Bitcoin May Be Too Late for Greece, But Not Other Countries Headed In That Direction

Counteracting government thieving


"Fearing return to drachma, some Greeks use bitcoin to dodge capital controls," Reuters reports. "Bitcoin: Greece's new euro workaround?" Fortune chimes in, reporting that "bitcoin appeals to people looking to hedge against unstable currencies and banking systems."

Maybe… But for the moment, the digital currency may actually appeal more to financial journalists plotting how they would evade restrictions and guard their wealth than it does to strapped teachers and shopkeepers in Athens. While Bitcoin has enjoyed a bump in recent days, it's not at all apparent that it enjoys a new status as the underground railroad for whatever remains of Hellenic prosperity. But premature though those reports may be, they're likely a glimpse at the sort of concerns that will drive the development of digital currencies in the future.

"We've seen little or no direct evidence of Greek citizens actually moving capital into Bitcoin," notes Peter Van Valkenburgh, Director of Research for the Coin Center, a cryptocurrency think tank. That's actually not a surprise, when you think about it. "Capital controls remain very difficult to evade given that bank accounts have been frozen and ATM withdrawals capped," Valkenburgh told me in an email.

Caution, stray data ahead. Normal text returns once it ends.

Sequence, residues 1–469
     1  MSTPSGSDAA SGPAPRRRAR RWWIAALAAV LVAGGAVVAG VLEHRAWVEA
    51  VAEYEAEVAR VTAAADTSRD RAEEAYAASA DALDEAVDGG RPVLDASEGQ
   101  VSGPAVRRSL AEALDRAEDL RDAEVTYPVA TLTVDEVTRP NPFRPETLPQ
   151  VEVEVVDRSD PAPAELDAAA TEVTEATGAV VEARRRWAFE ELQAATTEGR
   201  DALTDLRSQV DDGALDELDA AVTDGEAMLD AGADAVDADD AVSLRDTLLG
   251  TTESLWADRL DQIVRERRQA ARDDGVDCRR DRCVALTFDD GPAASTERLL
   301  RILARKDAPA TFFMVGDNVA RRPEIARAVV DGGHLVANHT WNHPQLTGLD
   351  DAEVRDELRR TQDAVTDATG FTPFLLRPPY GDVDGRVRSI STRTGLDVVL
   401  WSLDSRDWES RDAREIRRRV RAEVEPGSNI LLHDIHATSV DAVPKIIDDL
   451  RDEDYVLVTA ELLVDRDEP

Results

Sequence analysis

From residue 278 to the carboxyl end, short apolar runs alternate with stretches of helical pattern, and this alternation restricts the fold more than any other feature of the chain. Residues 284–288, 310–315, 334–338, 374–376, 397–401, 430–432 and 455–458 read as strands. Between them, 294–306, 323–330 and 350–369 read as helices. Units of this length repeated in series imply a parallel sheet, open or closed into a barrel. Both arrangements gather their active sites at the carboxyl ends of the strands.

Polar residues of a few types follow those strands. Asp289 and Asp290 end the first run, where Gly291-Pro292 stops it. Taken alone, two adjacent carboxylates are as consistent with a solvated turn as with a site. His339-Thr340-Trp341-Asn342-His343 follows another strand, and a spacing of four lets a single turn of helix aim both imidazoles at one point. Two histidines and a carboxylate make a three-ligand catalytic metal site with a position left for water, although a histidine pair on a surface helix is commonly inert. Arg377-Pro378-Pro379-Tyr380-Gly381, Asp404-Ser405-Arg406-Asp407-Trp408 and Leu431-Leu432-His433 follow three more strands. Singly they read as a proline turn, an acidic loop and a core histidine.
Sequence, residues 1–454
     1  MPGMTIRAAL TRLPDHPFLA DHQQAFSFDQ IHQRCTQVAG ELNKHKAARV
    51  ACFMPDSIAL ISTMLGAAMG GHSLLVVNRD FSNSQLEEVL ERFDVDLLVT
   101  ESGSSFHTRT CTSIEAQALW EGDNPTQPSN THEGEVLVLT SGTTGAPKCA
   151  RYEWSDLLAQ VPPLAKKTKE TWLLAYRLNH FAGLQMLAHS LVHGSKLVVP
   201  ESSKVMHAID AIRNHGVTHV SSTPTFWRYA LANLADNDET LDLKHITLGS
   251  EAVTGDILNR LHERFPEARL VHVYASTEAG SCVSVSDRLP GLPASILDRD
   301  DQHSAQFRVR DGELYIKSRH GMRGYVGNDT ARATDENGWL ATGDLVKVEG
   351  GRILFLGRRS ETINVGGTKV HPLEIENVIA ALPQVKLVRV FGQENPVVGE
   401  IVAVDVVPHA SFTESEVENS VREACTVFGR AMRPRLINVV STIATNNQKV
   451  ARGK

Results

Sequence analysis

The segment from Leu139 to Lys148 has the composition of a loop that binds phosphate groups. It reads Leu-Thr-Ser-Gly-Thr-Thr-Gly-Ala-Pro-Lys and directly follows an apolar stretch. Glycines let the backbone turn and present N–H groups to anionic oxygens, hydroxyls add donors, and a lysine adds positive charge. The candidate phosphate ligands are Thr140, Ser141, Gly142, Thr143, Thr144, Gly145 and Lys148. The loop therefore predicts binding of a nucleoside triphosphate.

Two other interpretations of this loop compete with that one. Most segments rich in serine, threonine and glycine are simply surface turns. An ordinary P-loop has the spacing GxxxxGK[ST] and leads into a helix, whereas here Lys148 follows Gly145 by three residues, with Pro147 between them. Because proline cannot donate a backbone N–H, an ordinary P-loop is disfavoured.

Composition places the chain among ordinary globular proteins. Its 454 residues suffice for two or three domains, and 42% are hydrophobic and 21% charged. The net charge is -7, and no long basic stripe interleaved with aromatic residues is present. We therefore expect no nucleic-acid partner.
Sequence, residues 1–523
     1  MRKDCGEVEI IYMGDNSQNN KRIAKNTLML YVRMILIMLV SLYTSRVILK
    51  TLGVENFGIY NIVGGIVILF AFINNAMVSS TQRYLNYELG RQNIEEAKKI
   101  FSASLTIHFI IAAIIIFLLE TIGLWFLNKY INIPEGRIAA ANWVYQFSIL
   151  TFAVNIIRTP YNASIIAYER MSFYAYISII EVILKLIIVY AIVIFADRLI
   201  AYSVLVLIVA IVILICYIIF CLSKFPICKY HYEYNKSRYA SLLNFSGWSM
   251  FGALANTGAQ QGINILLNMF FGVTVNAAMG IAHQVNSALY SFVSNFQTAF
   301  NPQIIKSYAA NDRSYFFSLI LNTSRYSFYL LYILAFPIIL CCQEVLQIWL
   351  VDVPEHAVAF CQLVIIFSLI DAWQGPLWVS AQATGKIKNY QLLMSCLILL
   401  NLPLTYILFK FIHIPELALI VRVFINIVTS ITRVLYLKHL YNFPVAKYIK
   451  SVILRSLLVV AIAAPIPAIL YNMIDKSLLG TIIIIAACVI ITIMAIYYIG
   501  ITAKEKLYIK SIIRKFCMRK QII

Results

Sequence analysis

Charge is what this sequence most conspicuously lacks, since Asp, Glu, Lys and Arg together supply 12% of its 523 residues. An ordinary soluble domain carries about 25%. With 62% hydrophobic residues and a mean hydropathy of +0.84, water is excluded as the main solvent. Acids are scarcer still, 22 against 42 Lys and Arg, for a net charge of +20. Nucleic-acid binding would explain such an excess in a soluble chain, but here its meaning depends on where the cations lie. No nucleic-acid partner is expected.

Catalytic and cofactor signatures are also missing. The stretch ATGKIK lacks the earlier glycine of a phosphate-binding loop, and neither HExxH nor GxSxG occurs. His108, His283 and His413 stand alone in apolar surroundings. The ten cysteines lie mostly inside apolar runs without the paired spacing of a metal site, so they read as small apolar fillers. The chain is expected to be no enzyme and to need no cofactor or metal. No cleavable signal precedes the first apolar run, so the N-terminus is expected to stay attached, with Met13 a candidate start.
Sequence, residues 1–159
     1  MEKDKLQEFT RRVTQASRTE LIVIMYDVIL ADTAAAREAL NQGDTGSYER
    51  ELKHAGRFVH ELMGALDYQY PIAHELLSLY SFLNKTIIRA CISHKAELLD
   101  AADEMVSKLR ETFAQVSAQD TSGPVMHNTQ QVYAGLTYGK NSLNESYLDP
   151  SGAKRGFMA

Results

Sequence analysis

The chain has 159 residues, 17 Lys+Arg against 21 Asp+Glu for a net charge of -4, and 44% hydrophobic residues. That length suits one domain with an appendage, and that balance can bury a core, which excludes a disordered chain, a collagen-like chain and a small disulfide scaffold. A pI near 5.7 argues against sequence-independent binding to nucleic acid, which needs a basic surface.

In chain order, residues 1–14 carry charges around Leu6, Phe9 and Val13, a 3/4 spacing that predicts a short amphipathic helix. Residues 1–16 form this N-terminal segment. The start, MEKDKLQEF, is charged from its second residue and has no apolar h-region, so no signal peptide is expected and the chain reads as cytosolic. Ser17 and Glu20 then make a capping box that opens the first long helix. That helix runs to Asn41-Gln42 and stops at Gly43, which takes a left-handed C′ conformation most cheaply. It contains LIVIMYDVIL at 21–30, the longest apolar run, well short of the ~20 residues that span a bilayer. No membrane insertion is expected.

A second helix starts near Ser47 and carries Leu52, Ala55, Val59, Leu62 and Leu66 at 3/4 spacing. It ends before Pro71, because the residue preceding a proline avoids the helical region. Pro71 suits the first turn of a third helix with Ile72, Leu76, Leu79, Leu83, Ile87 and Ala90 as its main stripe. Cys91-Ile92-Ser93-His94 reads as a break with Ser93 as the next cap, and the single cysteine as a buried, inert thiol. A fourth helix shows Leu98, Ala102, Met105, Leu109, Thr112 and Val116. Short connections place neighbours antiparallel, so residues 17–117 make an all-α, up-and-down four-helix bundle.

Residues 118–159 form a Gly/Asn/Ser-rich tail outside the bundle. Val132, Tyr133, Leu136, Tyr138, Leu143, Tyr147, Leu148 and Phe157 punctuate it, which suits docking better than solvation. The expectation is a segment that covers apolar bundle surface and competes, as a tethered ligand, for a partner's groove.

Basically, Greeks who waited until the government clamped down to try to get their money out are in no position to purchase Bitcoin—or anything else. With cash machines dispensing only €60 and overseas payments restricted, they're stuck. Reason's Jim Epstein recently reported that the country's only bitcoin-dispensing ATM got exactly no action after the banks were closed.

But people obviously do want alternatives to capital controls, rumored government grabs of bank deposits, and a reversion to a drachma that would almost certainly plunge in value.

Greeks with foresight and cash in the bank have been hiding notes under the mattress or sending them out of the country for years, bringing deposits to an 11-year low by the end of June. More recently, the U.K.'s Royal Mint reported twice the usual sales of bullion coins—a traditional haven for value when money turns to toilet paper—to Greek customers.